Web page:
Royals should put Moose out of his misery

By Steve Sell
May 13, 2014

I don’t know what’s more painful — root canal or watching Kansas City’s Mike Moustakas trying to hit a ball out of the infield.

Moustakas, the Royals’ starting third baseman since the middle of 2011, has the second-worst batting average of all regulars in major league baseball. The Royals keep trotting him out there and he generally responds with an 0-fer He heads back to the dugout with a glassy look and probably points to the sky giving thanks he somehow still has a job.

Moustakas has become one of the most polarizing figures on the Kansas City sports scene in quite some time. He’s right up there with former quarterback Elvis Grbac and ex-Chiefs general manager Scott Pioli. Unlike those men, however, Royals fans LIKE Moustakas. They’re rooting for him to succeed. They grimace after every futile swing. They want to yell “MOOOOSE!” far more frequently than they do. But despite all of their will, there’s simply no way. It’s not happening for Moustakas.

His only claim to fame at the moment is leading the team in home runs with four. That’s not saying much since the Royals are on pace to hit less than 60 this season, which is an embarrassment. In fact, I saw a quote the other day when Jeremy Guthrie gave up three home runs against Seattle, that equaled the number of homers hit by Eric Hosmer, Alex Gordon and Billy Butler — combined. That’s supposed to be the Royals’ heart of the order, the trio they’re building their team around offensively.

Sorry, I digress. Let’s get back to Moustakas.

If Moustakas were any other player, he’d be in Omaha right now trying to figure things out. But because he was General Manager Dayton Moore’s first draft pick and that he once was the No. 2 overall pick in the draft, he’s being given longer rope than about any player in baseball history.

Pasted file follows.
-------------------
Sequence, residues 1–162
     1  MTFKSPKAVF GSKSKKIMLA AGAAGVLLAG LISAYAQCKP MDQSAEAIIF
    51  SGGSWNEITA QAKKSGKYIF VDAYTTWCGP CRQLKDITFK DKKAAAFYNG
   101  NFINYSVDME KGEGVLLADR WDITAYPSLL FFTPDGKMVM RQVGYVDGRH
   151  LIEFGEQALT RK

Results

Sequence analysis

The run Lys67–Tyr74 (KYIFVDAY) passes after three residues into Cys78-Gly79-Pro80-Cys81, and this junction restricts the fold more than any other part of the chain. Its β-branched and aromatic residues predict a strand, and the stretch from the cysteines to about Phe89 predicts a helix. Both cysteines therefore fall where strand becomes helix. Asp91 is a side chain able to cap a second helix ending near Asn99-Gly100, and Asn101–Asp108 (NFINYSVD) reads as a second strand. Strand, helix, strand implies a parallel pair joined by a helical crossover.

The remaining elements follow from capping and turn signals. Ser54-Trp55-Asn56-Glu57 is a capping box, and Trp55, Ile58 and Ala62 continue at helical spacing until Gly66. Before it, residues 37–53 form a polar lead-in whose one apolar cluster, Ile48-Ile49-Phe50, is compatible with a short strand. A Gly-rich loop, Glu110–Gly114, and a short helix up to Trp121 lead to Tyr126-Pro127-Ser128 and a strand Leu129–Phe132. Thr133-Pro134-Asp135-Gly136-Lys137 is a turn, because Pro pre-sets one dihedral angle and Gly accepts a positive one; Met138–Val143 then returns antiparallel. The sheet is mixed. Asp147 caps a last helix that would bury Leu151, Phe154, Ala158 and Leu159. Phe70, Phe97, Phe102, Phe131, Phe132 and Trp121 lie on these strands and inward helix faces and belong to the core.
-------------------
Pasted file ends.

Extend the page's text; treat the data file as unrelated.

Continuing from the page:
Moustakas came up in 2011 as an alleged power-hitter, based on his 36 minor-league homers in 2010, where they must have been pitching under hand. He hit only five in 89 games in 2011, but was given a free pass since George Brett also had modest home run numbers when he first came up.

He did hit 20 in 2012, but batted only .242. He slumped even more in 2013 with a .233 average and just 12 home runs.

After dedicating himself to getting better in the offseason, Moustakas tore it up in the Cactus League this spring and the Royals thought that maybe he would ascend this season to the level of Hosmer, who he seems to be joined at the hip with since they’re the franchise’s expected cornerstones.

But Moustakas has just 16 hits in 109 at-bats, though 10 of them have been for extra-bases. Most of his outs are weak grounders or popups. 

Danny Valencia is now basically starting against all left-handers, who have Moustakas flummoxed. There’s talk of giving iron-hands Johnny Giavotella a look there. The way is being paved for Moustakas’ exit. A trip to Omaha should have been made weeks ago, but he remains on board to suffer humiliation game after game.

He does have a good glove. But third base is a position of power. The really good teams don’t carry third basemen who can’t hit .200 or even .150 in this case. They can’t afford to. 

The Royals should put Moustakas out of his misery. Send him back to Omaha to see if he can revive a crumbling career. If he can’t hit Triple A pitching, the Royals must cut ties and move on.


Close